Some populations of humpback whales travel as far as 8,000 kilometres worth of open ocean each year, from breeding grounds in warm tropical oceans to more productive feeding grounds in colder waters; they hold the longest migration in the animal kingdom. Preferring colder water for feeding and shallow, warm water for calving, humpbacks will go months without eating while living on stored fat reserves.
3. Not All Populations Migrate
The population of humpback whales that reside in the Arabian Sea are the smallest and most genetically isolated group of humpbacks on earth. These whales are also genetically distinct from other humpbacks, and estimates suggest that they’ve remained isolated from other populations for over 70,000 years. These humpbacks also inhabit the Arabian Sea year-round and do not migrate, sticking to the waters around Yemen, Oman, Iran, Pakistan, India, and Sri Lanka.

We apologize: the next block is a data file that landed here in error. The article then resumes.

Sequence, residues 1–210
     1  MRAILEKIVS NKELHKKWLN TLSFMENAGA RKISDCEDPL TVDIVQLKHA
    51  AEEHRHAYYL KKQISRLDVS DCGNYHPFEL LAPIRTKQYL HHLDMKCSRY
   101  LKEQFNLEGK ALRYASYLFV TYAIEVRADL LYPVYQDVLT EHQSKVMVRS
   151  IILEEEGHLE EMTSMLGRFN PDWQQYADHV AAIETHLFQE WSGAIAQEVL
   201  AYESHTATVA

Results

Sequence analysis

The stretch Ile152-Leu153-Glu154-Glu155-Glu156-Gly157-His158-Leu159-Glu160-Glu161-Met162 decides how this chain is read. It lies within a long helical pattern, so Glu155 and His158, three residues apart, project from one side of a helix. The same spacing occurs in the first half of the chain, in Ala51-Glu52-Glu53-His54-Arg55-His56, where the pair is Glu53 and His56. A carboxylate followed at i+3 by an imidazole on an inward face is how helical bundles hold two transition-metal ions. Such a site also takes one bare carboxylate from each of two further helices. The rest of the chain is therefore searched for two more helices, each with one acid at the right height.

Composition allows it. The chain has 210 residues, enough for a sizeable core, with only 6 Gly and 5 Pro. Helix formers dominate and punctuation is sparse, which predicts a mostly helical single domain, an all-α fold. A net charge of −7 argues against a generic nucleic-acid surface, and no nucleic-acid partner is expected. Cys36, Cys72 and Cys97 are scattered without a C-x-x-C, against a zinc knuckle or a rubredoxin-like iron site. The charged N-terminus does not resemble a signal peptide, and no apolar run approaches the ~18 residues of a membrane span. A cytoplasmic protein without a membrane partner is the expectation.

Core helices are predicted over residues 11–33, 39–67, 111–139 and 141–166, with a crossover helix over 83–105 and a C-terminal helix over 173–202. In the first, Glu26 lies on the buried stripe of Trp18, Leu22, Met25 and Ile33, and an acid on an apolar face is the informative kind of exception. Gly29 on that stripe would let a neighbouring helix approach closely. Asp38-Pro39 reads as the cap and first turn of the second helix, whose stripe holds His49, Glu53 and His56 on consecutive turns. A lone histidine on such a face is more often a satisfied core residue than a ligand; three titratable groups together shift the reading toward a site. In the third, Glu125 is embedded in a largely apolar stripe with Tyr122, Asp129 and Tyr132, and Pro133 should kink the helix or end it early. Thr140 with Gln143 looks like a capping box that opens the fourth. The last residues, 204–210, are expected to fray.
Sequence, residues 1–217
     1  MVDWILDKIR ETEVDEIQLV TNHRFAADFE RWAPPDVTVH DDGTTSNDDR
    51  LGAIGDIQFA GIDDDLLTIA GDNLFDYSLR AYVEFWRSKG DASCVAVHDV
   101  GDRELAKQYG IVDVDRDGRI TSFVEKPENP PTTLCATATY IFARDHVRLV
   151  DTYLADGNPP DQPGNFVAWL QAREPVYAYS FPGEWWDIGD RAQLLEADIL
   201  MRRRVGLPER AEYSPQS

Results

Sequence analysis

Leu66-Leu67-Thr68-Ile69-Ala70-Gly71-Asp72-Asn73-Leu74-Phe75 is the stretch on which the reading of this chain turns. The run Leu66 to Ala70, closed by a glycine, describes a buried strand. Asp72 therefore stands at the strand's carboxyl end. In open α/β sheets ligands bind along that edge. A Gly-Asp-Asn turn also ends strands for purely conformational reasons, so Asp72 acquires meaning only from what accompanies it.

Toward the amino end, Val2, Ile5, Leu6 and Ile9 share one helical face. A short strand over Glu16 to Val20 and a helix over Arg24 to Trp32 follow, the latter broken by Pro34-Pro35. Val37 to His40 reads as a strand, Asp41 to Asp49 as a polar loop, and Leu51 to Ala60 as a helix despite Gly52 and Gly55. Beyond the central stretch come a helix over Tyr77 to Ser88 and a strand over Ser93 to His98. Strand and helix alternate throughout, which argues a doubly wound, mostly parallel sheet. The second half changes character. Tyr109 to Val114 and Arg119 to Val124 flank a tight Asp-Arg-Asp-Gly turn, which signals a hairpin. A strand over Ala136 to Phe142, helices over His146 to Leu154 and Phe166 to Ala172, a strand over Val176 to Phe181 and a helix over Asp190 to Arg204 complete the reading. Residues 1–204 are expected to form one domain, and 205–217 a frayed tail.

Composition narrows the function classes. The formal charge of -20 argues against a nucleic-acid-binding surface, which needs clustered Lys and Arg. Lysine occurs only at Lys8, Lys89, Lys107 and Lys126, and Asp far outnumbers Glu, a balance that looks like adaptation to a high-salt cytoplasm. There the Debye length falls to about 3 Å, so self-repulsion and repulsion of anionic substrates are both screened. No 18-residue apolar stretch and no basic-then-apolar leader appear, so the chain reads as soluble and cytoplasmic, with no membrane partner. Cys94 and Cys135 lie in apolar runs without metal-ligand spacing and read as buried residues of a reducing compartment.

4. Their Songs Can Last for Hours
Humpback whale songs, which are only performed by the males, are typically heard during the breeding season in winter but have been recorded in the summer months, as well. These songs are made up of a long series of complex calls that are shared by all males living in the same area of the ocean, despite distances of up to 3,000 miles. While the specific song lasts anywhere from 10-20 minutes, it is repeated for hours at a time. Researchers have found that, as humpback whale songs change gradually over the years, all singing members within the same population will switch to the new song.
5. Humpbacks Have Baleen Plates Instead of Teeth